A year in images
A waterspout coming ashore in Tampa. An unexpected glacier collapse. Earth just a few minutes after the spring equinox. These are just a few of the stunning images captured of our planet this year. These photos range from the widest of wide views — space — to up-close and personal sights of a lifetime. Here, LiveScience takes a look back at the best of the best images we features of Earth this year.
When amateur photographer Christian Grosso visited the Perito Moreno glacier in Argentina's Patagonia region on Jan. 19, he got quite a surprise: A huge ice bridge connected to the glacier ruptured and fell, causing a huge wave in the lake below. Luckily Grosso had his camera ready and captured the event (and was far enough away that the wave didn't hit him). Only about 20 to 30 visitors witnessed the event, which was less impressive than other periodic collapses of the glacier that occur when it forms a natural dam across part of Lake Argentino and water levels in the dammed portion rise and cause stress to the glacier.
Northern light show
The northern lights, or aurora borealis, never disappoint. A spectacular aurora show danced over Alaska on the weekend of Jan. 26-27, and was photographed above the natural splendor Denali National Park.
Clearest lake on Earth
The Monet-esque quality of these photos owes to the remarkably pristine waters of Blue Lake, found on New Zealand's South Island. Photographer Klaus Thymann was lucky enough to get to dive into the lake and photograph it on a trip in February, which he described as "an extraordinary visual experience." Visibility in the lake stretches to nearly 260 feet (80 meters), making it the clearest lake on Earth. The lake's purity owes to its source in nearby glacial melt, which runs into a lake above Blue Lake and is then filtered through rocks as it runs into Blue Lake. The water stays in the lake for less than 24 hours, not long enough for clouding sediment to collect.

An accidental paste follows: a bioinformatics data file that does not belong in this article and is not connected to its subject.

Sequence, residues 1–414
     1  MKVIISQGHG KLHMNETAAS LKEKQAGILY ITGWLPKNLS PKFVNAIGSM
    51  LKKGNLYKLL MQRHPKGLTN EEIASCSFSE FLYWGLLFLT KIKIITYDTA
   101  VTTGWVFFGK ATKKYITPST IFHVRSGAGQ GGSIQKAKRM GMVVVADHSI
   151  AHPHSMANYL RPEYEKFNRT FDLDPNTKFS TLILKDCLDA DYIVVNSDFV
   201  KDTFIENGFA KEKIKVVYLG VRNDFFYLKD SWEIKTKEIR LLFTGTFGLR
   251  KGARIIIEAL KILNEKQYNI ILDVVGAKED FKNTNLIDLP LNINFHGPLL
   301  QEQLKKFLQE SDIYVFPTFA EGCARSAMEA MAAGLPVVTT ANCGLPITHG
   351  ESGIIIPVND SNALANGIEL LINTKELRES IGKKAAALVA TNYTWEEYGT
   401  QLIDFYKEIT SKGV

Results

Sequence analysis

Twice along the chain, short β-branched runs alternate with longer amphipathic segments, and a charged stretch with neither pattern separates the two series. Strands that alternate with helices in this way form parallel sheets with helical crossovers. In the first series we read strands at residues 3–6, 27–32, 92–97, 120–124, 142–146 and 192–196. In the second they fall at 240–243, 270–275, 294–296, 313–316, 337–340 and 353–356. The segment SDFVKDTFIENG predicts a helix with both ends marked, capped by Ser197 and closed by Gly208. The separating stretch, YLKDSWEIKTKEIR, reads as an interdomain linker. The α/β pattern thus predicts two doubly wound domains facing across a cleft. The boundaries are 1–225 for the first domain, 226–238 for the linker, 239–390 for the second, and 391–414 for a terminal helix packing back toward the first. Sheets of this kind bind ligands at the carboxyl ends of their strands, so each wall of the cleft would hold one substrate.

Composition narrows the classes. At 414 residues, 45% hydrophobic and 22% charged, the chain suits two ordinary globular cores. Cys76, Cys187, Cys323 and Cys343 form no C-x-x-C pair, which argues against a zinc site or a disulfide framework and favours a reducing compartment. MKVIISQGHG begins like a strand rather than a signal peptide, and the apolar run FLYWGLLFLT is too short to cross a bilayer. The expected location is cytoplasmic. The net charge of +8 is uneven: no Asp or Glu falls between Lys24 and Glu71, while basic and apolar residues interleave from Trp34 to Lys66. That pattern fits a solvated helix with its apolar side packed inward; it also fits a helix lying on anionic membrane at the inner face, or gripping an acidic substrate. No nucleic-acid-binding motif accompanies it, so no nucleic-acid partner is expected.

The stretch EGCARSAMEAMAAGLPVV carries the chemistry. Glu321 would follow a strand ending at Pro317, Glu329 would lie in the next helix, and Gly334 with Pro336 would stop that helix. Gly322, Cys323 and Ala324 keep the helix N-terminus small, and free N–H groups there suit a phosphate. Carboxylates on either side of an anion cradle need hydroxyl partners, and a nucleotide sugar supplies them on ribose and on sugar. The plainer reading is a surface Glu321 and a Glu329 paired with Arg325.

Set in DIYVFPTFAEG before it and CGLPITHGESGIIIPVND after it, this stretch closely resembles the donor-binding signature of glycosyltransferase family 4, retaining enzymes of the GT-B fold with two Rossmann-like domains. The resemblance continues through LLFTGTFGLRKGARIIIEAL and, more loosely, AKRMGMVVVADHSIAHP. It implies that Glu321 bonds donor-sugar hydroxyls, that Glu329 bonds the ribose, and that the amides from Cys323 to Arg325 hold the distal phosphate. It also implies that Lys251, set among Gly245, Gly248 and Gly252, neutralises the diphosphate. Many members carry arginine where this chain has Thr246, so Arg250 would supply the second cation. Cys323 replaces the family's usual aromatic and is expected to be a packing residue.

Basketball-size orbs of ice covered the shores of Lake Michigan in this Feb. 21 image. The ice spheres (weighing in at 50 lbs., or 22 kilograms apiece) a winter phenomenon that is the result of wind and wave action along the shore, with layer after layer of supercooled lake water freezing around small pieces of floating ice that churn in the waves. Winds eventually push the ice balls ashore.
When this waterspout barreled toward Tampa, Fla., on Feb. 26, Robert Siegel, a spotter for the National Weather Service's volunteer program, was on vacation in Florida. Thinking quickly, Siegel was able to snap this stunning photo of the phenomenon, which came ashore as a tornado with winds of 60 mph (96 kph). It hit the Westin Hotel and damaged roofing, vehicles and light poles.
Astronaut-eye view of a volcano
Canadian astronaut Chris Hadfield became (even more) famous this year for the spectacular photos of Earth he tweeted during his time commanding the International Space Station. One stunning photo he sent out Feb. 28 showed the perennially erupting Mt. Etna spewing ash out into the atmosphere. It was the latest in a series of eruptions that began on Feb. 19 with an awesome lava fountain.
Blue dot, on verge of green
The first day of spring in the Northern Hemisphere, known as the vernal equinox, marks one of two points in Earth's yearly orbit when day and night are the same length, as can be seen in this remarkable image from the GOES-13 satellite taken at 7:45 a.m. Eastern Daylight Time (11:45 a.m. Universal Time) on March 20. The image was snapped about 40 minutes after the exact moment of the equinox, which occurred at 7:02 a.m. EDT (11:02 a.m. Universal Time).
Cougars vs. coyotes
On March 28, two juvenile cougars spent a pretty crummy hour trapped on a fence by five coyotes in Wyoming's National Elk Refuge, as seen in this photo snapped by refuge staffer Lori Iverson. One mountain lion (as cougars are also known) made a break for it, running away with the coyotes in pursuit. The other stayed hunkered down by the fence, but both cougars were spotted several days later, alive and well.
Antarctica goes dark
The sun blazes on the Antarctic horizon for the last time before the long winter in this photograph taken in late April from Concordia Station, a joint French-Italian research station, located in the center of the East Antarctic Ice Sheet. Once the sun sets, the isolated station doesn't see it again for the next four months, and temperatures on the already frigid continent plunge to around minus 112 degrees Fahrenheit (minus 80 degrees Celsius).
A terrific thunderstorm rages over the European Southern Observatory's Paranal Observatory in the Atacama Desert in northern Chile in this photographed snapped on June 7. The Atacama, one of the driest places on Earth, sees very few such storms, experiencing an astonishing average of 330 days of clear skies a year.